For more information, contact the Fine Arts Center at (540) 980-7363.

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Celtibillies perform at Jackson Park concert series

PULASKI — Celtic and Appalachian music will flow from the gazebo at Jackson Park this Friday, July 11, during the performance of the Celtibillies.
As part of the Jackson Park concert series, sponsored by the Town of Pulaski and the Fine Arts Center for the New River Valley, the Celtibillies will give a free performance in the park from 6:30 to 8:30 p.m.
Bluegrass Unlimited has described the music of the Celtibillies, formed in 1994 as a contradance band, as “a masterful work of art that transcends all musical genres.”
Upon the band’s formation, the Celtibillies began exploring the deep-rooted connections between Celtic music and the Appalachian music of their home region of Southwest Virginia. Their music expanded beyond dance tunes to include a wide range of traditional Celtic and Appalachian old-time music and song as well as original music. The Celtibillies’ performances are now a rousing mixture of vocal arrangements and spirited jigs, reels, waltzes, strathspeys, and breakdowns.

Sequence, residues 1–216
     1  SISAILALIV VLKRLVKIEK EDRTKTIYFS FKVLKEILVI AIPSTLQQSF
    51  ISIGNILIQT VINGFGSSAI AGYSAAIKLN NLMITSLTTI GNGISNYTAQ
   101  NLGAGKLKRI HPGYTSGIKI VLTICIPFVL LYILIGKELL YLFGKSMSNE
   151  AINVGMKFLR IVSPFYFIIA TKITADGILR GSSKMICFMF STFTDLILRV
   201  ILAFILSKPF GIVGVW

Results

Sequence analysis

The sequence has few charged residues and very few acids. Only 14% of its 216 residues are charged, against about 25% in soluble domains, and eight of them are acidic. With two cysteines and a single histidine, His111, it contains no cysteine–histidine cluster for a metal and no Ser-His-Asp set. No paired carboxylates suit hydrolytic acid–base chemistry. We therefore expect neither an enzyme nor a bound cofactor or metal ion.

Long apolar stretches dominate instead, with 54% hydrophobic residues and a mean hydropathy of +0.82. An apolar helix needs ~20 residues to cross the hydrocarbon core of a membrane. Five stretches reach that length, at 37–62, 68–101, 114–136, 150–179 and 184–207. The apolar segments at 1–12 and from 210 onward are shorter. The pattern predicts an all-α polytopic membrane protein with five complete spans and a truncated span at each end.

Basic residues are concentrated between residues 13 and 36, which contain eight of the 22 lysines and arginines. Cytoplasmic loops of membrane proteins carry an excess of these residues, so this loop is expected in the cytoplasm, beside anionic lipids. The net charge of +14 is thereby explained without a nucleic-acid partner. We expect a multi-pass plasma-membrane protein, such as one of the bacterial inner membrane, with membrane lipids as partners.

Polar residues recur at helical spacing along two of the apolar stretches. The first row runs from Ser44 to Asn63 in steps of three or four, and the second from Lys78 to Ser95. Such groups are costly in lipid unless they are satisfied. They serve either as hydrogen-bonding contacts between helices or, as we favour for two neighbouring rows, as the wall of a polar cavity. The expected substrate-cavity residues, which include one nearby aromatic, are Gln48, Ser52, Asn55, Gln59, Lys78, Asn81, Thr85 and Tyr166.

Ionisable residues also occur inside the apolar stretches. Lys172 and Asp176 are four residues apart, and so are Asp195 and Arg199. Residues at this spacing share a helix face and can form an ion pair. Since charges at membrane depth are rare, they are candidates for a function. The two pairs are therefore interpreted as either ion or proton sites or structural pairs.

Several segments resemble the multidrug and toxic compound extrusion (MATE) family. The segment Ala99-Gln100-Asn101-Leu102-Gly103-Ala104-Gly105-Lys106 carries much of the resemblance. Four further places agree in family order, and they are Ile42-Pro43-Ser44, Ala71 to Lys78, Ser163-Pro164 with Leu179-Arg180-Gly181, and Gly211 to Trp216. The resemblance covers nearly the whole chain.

Band members include: Becky Barlow on hammered dulcimer, keyboard and bodhran, Jack Hinshelwood on fiddle, guitar and harmonica, Tim Sauls on banjo, bouzouki, fiddle and guitar, and Jeff Hofmann on bass.
The Celtibillies have performed at the Smithsonian Folklife Festival, the Savannah Folk Festival, Williamsburg Scottish Festival, Bele Chere, Virginia Highlands Festival, Blue Ridge Music Center and the Chesapeake Celtic Festival. Their performances have also been featured on WBRA Public TV and the nationally syndicated Song of the Mountains PBS series, and their recordings have been featured on the “Thistle & Shamrock” program on National Public Radio.